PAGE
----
Friday, 1 October 2010

Riverside Community Development Trust and Lady Margaret Hall Settlement (LMHS) to form joint board

I know that Lurking about SE11 can sometimes appear rather whingy, so I've decided to share some interesting local news.  The RCDT (Riverside Community Development Trust) and LMHS (Lady Margaret Hall Settlement) have formed a joint committee for the running of their operations.  This looks to be a positive development as it allows them to share buildings, resources and expertise.  Whilst the two organisations will remain separate on paper, they will share the same board members.  The LMHS appear to have rewritten their website, and in a nod of gratitude towards our forebears, (as with the Vauxhall Civic Society website), we'll receive additional access to history and imagery from the LMHS archives in the months to come.

So, what are they up to at the moment?  20 Newburn Street has been leased to Real World UK for the provision of free computer training.  This is a an important project, and (for those with long memories) is how the centre was used when it first opened back in 2003.  I'm a firm believer in digital literacy because without being online, a great many people in our society are simply cut off from information about services (benefits information, train/tube times, community initiatives, bus route changes, holiday deals, money saving deals, council services etc).  The aim of this project is to open the world of employment and training to people who are not confident using the internet or computers.  Once I find out a little more about when they'll be up and running, I'll post the times of the free classes here.

I fear that we're about to enter a challenging time in the UK's history, but I hope we've developed local friendships that might see us through.  We've the Kennington Oval Vauxhall forum to form an umbrella which should feed views from all local organisations to Lambeth Council.  There's the new Vauxhall Civic Society (who cover the entire Vauxhall constituency down to Brixton and Clapham), the stalwart Kennington Association (open to anybody who might claim to living anywhere near Kennington), the combined RCDT/LMHS, more friends groups than you could wave a stick at eg. Friends of Kennington Cross, Friends of Kennington Park etc.  I've counted 11 local "friends of" groups.  See if you can identify anybody that I've missed (I've updated a "friends of" post made in September 2008).  Additionally, there's the Kennington Gardens Society (now with a new section on their site so that you can ask them questions), the Onion Shed folk, intent on greening North Lambeth, the Kennington People on Bikes (KPOB) keeping an eye out on cycling and safety in the area...  What more could we want?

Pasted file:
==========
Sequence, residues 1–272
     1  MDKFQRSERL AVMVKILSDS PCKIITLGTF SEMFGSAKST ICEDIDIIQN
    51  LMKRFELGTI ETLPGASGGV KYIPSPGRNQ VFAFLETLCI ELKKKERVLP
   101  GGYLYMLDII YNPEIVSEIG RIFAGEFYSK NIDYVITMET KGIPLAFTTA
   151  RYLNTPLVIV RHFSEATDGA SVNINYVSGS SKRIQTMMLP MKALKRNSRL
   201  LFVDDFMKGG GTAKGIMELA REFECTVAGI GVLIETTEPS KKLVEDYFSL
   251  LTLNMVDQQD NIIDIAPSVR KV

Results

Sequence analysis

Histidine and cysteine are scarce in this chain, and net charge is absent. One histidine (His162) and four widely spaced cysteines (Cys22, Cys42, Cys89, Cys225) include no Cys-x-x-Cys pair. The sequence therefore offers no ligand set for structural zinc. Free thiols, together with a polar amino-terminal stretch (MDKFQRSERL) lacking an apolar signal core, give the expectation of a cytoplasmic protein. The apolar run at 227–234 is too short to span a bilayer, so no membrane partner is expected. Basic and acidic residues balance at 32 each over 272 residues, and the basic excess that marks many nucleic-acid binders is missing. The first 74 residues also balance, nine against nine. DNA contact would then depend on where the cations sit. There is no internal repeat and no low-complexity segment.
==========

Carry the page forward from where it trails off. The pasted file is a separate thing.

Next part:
I have a theory that people committed to the community attract more people committed to the community.  That we've so many local groups demonstrates the commitment of south east Londoners to look out for one another.  Such networking and community spirit will be essential over the next few years (and are arguably at the root of maintaining anything that might be described as "civic" society). There is (as far as I know) nothing in the rest of the London blogosphere comparable with the network forged by bloggers in South East London.  Last night's Battle of the Blogs being one such demonstration).  The world will look considerably different after PE (Public Expenditure?  Physical Education? Punishing England?) Day on the 20th October.  That's the day the government will outline their cuts. I think we'll need all of our community groups (and more) to coalesce to ensure that the vulnerable on all of our patches still receive some semblance of service.  If the Big Society / Co-Op vision ever comes to fruition, we'll need our friends and neighbours more than ever, because I don't see the State popping in to visit us when we're sick or ensure that our bins are emptied regularly or that we maintain a commitment to recycling and re-use.

Kennington, Oval and Vauxhall are all great areas to move to if you're looking to be involved locally, be that in committee work, gardening, bike projects or Tai Chi.  I often complain that central London can be an isolating place, but the people that runs the committees, hold the meetings and get their hands dirty all help to build the links we need to make us a community and not just another Zone 2 location.

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